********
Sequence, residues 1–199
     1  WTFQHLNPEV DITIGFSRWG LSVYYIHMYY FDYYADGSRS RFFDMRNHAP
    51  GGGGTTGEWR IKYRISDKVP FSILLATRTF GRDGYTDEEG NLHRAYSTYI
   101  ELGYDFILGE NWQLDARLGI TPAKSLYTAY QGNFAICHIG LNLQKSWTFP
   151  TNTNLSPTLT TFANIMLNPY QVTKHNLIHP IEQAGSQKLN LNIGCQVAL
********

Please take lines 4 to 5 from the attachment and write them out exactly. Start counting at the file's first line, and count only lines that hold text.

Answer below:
   101  ELGYDFILGE NWQLDARLGI TPAKSLYTAY QGNFAICHIG LNLQKSWTFP
   151  TNTNLSPTLT TFANIMLNPY QVTKHNLIHP IEQAGSQKLN LNIGCQVAL